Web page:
The Color Master blends psychological realism and fairytale fabulism in the balance she is known for: Women marry child-eating ogres, tigers have their stripes sewn on, girls learn to make dye just the color of the moon. Aimee Bender teaches creative writing at the University of Southern California. She spoke to me by phone from her home in Los Angeles.
Light the first light of evening, as in a room
In which we rest and, for small reason, think
The world imagined is the ultimate good.
This is, therefore, the intensest rendezvous.
It is in that thought that we collect ourselves,
Out of all the indifferences, into one thing:
Within a single thing, a single shawl
Wrapped tightly round us, since we are poor, a warmth,
A light, a power, the miraculous influence.
Here, now, we forget each other and ourselves.
We feel the obscurity of an order, a whole,
A knowledge, that which arranged the rendezvous.
Within its vital boundary, in the mind.
We say God and the imagination are one...
How high that highest candle lights the dark.
Out of this same light, out of the central mind,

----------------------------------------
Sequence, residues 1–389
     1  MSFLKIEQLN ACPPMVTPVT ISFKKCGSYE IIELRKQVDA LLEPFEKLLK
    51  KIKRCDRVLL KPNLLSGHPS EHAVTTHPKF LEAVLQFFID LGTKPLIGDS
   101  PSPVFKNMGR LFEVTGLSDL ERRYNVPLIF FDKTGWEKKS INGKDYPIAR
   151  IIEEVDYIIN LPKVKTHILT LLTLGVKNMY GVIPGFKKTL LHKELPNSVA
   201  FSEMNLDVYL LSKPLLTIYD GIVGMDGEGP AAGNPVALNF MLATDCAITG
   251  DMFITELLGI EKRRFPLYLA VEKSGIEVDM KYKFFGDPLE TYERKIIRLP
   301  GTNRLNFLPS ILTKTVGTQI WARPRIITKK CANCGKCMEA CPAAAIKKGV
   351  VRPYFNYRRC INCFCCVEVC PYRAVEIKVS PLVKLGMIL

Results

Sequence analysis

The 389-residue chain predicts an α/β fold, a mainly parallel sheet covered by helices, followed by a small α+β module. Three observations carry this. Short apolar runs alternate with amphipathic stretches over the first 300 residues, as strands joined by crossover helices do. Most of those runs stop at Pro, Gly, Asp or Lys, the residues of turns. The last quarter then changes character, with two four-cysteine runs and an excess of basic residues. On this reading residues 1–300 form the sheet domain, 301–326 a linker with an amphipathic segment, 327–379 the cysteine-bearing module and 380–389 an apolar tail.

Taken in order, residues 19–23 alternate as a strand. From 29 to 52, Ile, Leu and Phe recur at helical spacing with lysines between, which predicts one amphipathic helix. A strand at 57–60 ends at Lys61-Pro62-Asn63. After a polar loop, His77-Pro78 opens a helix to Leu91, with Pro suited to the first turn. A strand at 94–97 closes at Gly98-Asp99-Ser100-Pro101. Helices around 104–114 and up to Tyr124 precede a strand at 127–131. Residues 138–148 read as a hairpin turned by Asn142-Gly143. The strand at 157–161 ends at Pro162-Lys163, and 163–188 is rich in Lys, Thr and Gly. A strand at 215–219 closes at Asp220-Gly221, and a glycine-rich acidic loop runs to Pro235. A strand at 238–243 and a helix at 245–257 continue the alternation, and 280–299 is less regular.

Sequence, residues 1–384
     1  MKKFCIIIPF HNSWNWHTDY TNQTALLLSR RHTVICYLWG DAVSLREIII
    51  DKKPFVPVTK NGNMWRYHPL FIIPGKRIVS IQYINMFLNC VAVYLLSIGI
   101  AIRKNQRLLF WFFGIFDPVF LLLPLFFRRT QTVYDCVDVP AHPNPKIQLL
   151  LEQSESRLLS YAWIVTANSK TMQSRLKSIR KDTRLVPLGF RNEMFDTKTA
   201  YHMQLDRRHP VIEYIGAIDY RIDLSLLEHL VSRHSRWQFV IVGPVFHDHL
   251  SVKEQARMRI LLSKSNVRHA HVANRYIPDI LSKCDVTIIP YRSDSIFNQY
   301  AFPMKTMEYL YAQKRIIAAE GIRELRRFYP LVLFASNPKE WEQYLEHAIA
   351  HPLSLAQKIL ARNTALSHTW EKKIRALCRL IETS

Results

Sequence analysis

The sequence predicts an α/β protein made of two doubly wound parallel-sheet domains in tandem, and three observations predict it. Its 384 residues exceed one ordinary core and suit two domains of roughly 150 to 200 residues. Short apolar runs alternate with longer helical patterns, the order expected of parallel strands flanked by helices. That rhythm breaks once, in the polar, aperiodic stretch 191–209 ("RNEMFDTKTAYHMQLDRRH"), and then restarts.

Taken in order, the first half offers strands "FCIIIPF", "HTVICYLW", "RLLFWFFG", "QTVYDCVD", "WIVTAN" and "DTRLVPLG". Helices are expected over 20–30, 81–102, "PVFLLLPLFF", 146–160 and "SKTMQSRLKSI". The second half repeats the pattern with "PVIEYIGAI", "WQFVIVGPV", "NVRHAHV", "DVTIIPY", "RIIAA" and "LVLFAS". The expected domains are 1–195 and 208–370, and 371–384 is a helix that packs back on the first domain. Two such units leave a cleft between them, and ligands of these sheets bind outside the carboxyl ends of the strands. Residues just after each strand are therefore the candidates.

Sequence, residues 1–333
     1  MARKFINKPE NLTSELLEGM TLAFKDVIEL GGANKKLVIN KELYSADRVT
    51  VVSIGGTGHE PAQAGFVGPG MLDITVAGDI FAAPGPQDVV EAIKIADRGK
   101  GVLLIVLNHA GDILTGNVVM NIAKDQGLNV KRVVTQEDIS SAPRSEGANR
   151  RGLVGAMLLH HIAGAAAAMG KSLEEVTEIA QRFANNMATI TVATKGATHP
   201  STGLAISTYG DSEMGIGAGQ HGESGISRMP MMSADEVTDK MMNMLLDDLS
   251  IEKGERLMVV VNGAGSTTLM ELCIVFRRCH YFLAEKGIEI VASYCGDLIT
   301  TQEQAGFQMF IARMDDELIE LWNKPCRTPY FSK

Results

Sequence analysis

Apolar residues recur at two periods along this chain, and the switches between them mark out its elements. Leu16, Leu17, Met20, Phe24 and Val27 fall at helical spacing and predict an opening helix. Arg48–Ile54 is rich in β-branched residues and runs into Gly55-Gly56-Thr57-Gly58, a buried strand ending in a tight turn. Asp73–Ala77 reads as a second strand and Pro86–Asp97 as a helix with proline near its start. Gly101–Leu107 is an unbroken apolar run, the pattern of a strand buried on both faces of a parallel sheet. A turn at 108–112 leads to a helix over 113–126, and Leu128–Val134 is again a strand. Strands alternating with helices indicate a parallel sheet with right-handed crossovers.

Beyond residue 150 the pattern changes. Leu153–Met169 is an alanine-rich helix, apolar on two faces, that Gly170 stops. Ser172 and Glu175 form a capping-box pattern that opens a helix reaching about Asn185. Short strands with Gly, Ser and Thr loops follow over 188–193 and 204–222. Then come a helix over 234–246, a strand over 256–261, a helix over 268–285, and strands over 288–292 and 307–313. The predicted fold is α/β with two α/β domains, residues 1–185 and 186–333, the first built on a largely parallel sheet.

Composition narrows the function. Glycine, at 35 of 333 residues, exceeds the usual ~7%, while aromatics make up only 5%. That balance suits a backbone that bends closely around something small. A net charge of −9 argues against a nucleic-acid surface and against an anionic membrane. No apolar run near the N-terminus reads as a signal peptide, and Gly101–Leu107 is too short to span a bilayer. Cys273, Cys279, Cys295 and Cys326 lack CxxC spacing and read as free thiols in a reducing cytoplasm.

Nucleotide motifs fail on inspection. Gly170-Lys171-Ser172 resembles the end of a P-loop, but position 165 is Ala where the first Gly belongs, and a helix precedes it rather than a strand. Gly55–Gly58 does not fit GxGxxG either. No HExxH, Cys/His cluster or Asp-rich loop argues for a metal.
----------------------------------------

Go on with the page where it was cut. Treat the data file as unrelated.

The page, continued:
We make a dwelling in the evening air,
In which being there together is enough.
Aimee Bender: I first heard “The Final Soliloquy of the Interior Paramour” at a funeral. A large funeral, and a very sad one. A poet read it to the people gathered, and I found it moving, and helpful, but in a kind of inexplicable way. It’s something of an oblique poem. It concerns mystery, and its language is itself mysterious. Yet there was something in it that I sensed, even listening for the first time, about a community coming together to support this family and pay tribute to this life.
The poet knew Stevens’s poem very well—it was like it had metabolized in her. She’d absorbed it fully in a way that helped us absorb it, too. I felt that magical alchemy of poetry, the way it acknowledges things we can’t fully understand. I felt very sad about the death that had happened, but there a healing line from this poet to the people sitting around.
Right away, I knew I’d want to look that poem up and spend more time with it. One line—“We say God and the imagination are one”—stuck with me especially. There’s something beautifully enigmatic about that line: It contains what feels so expansive and mysterious about the imagination to me. I love the way it treats the imagination with an almost-religious reverence.
A friend of mine, the Tin House editor Cheston Knapp, wrote an essay once where he recalled memorizing a Frost poem as a younger man—he was making fun of himself, calling out the pretentiousness of this. And it’s funny, because I found myself thinking: I want to do that. Not in a showy way. I don’t want to perform a poem. I just like the idea of having the words accessible in my mind. I love poetry, and I wanted to carry Stevens’s poem with me. To live with it. I’d never been required to memorize anything before—the days of learning poems by heart in school are gone—and suddenly, I wanted to.